it's a great life, if you don't weaken (matociquala) wrote,
it's a great life, if you don't weaken

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the perils of short fiction

Nobody ever thinks of me as a short story writer, and it kind of makes me sad--because at heart, that's what I am.

Now, don't get me wrong. I love a good novel. I even like writing them, though I have to do it in a single enormous push of effort, because otherwise I get bored, bored, bored and wander off. I can't stand the endless tinkering that some writers do, the working on the same project for years on end.

I can't bear it.

(I get bored anyway, but if I'm working on a book for six months, I can stand the boredom. By the time the 37th revision rolls around, though, I am stultified.)

And novels tend to move so slowly. Hundred of pages, and barely enough plot for a good novelette!

You can actually spot the short-story-writer DNA in my novels, even the long ones. That thing people talk (complain) about, where too much happens too fast and it's too dense, too hard to keep control of? I suspect it's directly related to the author (me) being a short story writer at heart. Because I really believe in my heart that if a paragaraph is not doing three (and preferably five) things, it is not doing enough work. (The five kinds of work a paragraph can do in a work of fiction are: increasing or resolving tension (plot), exposition, worldbuilding (setting), developing character, and illuminating theme).

So I try to have small reversals and revelations on every page. Which sort of makes my books bad for reading quickly, I am told.

And I love writing short stories. I love the feeling of accomplishment they bring. I love how they are tiny perfect jewels, when done right, and they are just there breathing and making you sad or glad or sorry or melancholy or joyous or a little hollow under the breastbone.

And so I have a problem. Because really, the reason I write is to be read. I write to an audience (you guys, ora fraction of you guys.) And there's a dramatic tension there, of course, because while writing to that audience I am trying to stay true to my artistic vision (such as it is) and tell stories I can be proud of.

And short stories make me sad. Because they just vanish. They hang around for a month or so, and then drop back into nonexistence, never to be seen again. And nobody ever reads them again. They go to the Island of Misfit Stories, and hang around unread with their pals.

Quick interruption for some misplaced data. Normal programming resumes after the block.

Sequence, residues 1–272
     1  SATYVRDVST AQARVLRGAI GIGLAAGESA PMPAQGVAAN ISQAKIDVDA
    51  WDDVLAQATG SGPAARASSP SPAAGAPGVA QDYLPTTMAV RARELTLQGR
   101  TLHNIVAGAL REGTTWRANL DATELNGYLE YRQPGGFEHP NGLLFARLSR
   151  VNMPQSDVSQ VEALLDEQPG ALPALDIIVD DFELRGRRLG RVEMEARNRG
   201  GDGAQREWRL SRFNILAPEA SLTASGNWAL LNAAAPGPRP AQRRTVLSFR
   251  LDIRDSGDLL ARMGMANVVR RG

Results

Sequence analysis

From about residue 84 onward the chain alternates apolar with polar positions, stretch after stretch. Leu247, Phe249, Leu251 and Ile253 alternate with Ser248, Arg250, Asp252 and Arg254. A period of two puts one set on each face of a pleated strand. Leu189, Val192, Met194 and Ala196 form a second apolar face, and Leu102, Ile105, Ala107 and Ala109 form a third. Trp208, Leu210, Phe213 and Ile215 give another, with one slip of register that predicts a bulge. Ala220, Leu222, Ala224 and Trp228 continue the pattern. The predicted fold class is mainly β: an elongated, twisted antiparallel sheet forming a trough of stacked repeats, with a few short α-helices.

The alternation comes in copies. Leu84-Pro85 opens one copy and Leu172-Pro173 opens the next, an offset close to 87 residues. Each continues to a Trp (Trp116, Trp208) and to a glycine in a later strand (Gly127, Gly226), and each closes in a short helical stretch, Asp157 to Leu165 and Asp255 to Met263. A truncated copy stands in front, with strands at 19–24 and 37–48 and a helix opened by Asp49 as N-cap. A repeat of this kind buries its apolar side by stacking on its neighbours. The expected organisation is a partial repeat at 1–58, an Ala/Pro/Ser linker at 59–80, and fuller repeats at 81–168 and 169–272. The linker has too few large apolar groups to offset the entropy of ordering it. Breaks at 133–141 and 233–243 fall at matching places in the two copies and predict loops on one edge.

And I think I would feel better about that if I knew I'd be able to print collections, eventually, but really--the odds of my selling another collection in the next ten years is pretty slim. And I have a little pile here, of unreprinted stories of which in some cases I am inordinately fond, and I would like to be able to let people read in book form. The stuff that's collected in The Chains That You Refuse--some of it, I am very proud of. The title story, "Botticelli," "When You Visit The Magoebaskloof Hotel, Be Certain Not To Miss The Samango Monkeys," and so on. But I'm also very aware that those stories are my early work, and a lot of them are rough at the edges, insufficiently developed, heavyhanded, flawed in various ways.

And there's another book, book-and-a-half's worth of stuff that will likely slowly work its way up to my website, because that's the place I can put it where people will be able to read it. It's mostly small-press-published, because I'm mostly a small-press-published short-story writer, and it's mostly impossible to find otherwise, and I wouldn't expect anybody to spend ages tracking down a back issue of On Spec to read "Los Empujadores Furiosos," even though I love it. It's gone, more or less, like a song sung in an empty room. (I've written over sixty published pieces of short fiction at this point. Some of them are in The Chains That You Refuse, and some of them are in New Amsterdam. And then there's all this other stuff that's just, poof, gone. Good stuff, some of it, I think. "Orm the Beautiful," and "Tideline," and "The Inevitable Heat-Death of the Universe," and "Sounding," and "Love Among the Talus," to name a few.

I love those stories. And yet--

--there they go.

And that makes me wonder why I write stort stories, when they're so ephemeral, and so few people read them, and really, they're more work per square yard than any novel will ever be, and at the end of the day I know they have a limited lifespan and then vanish. It seems like so much work for something that will more or less fall of the edge of the earth and never be seen again.

I guess I write them because I love them.

And what happens after that is between the story and the world.
Tags: club scene, short fiction

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